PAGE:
This resource includes 2 video lectures and a worksheet covering the concepts and basic calculations of equilbrium. These videos corresponds to Chemistry Atoms First 2e Chapter 13.1 and 13.2https://openstax.org/books/chemistry-atoms-first-2e/pages/13-introduction
These lecture videos and corresponding notes can be used as a resource in online and Face-to-Face College Algebra course to learn content. The notes are the same notes used within the videos so students will fill out the notes as the instructor does in the video.
This course treats various methods to design and analyze datastructures and algorithms for a wide range of problems. The most important new datastructure treated is the graph, and the general methods introduced are: greedy algorithms, divide and conquer, dynamic programming and network flow algorithms. These general methods are explained by a number of concrete examples, such as simple scheduling algorithms, Dijkstra, Ford-Fulkerson, minimum spanning tree, closest-pair-of-points, knapsack, and Bellman-Ford. Throughout this course there is significant attention to proving the correctness of the discussed algorithms. All material for this course is in English. The recorded lectures, however, are in Dutch.
These Video Lectures (all of which are accompanied by Supplemental Notes that appear in PDF files) draw upon select aspects of every chapter of the third edition of OpenStax's American Government text. The lectures and notes elaborate upon certain points raised in each chapter of American Government by providing additional historical context and relating the textual material to contemporary political events. At various points during the video lectures, quiz questions are asked in an attempt to enhance student engagement. (Quiz questions also appear at the end of the Supplemental Notes to each lecture.) For those who wish to use the quizzes, answer keys are included for each one.
These PowerPoint slides can be paired with the American Government 3e textbook by Openstax for in-class sections of the course. They provide material from the textbook, as well as data from the most recent elections, public opinion polls, and pew research center publications from within the last few years. This material provides both the political history of our country, as well as some pertinent information from current events affecting our political landscape.
These course modules are meant to accompany the OpenStax Anatomy & Physiology textbook. Included within each subunit are both Articulate Rise 360 exported raw Web and SCORM 1.2 ZIP files. These files are to be Imported into a Learning Management System. Each module contains text and images from the OpenStax book, original text, openly licensed images from various sources, formative activities, and links to videos on public websites. The modules are free to use as needed. If modification is desired, please contact the author, and I will send you the Rise 360 source file.
This presentation offers an overview of the developing concept of The Anthropocene -- a term coined to describe our current geological epoch, in which human impact on the planet will leave a permanent trace.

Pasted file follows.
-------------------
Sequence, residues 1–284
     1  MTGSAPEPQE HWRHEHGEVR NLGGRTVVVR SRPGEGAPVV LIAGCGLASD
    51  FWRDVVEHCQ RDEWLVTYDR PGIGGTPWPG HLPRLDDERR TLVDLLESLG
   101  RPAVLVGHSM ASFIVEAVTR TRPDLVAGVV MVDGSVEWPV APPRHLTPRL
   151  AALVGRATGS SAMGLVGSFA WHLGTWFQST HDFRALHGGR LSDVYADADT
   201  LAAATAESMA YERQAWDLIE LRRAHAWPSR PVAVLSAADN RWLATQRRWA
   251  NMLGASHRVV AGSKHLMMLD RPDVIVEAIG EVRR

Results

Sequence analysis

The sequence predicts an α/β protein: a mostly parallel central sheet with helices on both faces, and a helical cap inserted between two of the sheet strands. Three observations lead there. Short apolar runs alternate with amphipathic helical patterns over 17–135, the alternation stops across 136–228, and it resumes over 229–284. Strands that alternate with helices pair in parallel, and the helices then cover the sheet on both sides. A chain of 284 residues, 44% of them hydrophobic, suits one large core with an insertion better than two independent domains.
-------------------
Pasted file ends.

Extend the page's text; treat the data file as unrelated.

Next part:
This is a collection of mini lectures created by anthropologists and those in conversation with anthropology as supplimental material to assist college and university instructors who were made to shift their courses online because of COVID19.For more information, see here.To contribute, please create an OER author account and send your name and OER registered email to AnthropologyTeaching@gmail.com.
This arithmetic lesson demonstrates more long division problems with remainders.[Arithmetic playlist: Lesson 26 of 38]
This resource aligns with OpenStax Chemistry 2e section 2.1 and includes a mini-lecture on Atomic Theory and the 3 Laws that supported its acceptance by the scientific community and a Ted Ed video: the 2.400-year search for the atom (Theresa Doud)
The video provides an overview of the autonomic nervous system and its two main divisions: the sympathetic and parasympathetic systems. The sympathetic division responds to stress and activates the fight or flight response, leading to various physiological changes such as dilated pupils, increased heart rate, and the release of norepinephrine and epinephrine. In contrast, the parasympathetic division promotes the rest and digest response, causing opposite effects on the organs like constricted pupils and slower heart rate. The video also delves into the anatomy and neurotransmitters involved, discussing terms like preganglionic and postganglionic neurons, adrenergic and cholinergic receptors, and the specific functions of these receptors in various organs and tissues.
The BRAINOER modules contain OER resources for students studying behavioral neuroscience, psychophysiology, and physiology.
This lesson explains leverage and insolvency and why it is good or bad. [Banking, Money, Finance playlist: Lesson 10 of 24]
This lesson provides an analysis of the federal reserve balance sheet as of February 2007. [Banking, Money, Finance playlist: Lesson 21 of 24]
This lesson discusses how open market operations effect the rate at which banks lend to each other overnight. [Banking, Money, Finance playlist: Lesson 14 of 24]
This lesson presents more information on the mechanics of the Federal Funds rate and how it increases the money supply. [Banking, Money, Finance playlist: Lesson 15 of 24]
This lesson talks about the gold standard and is a short discussion on the meaning of wealth. [Banking, Money, Finance playlist: Lesson 17 of 24]
This lesson tells how banks can give out loans without ever giving out gold. [Banking, Money, Finance playlist: Lesson 7 of 24]
This lesson talks about how money is created in a fractional reserve banking system. [Banking, Money, Finance playlist: Lesson 4 of 24]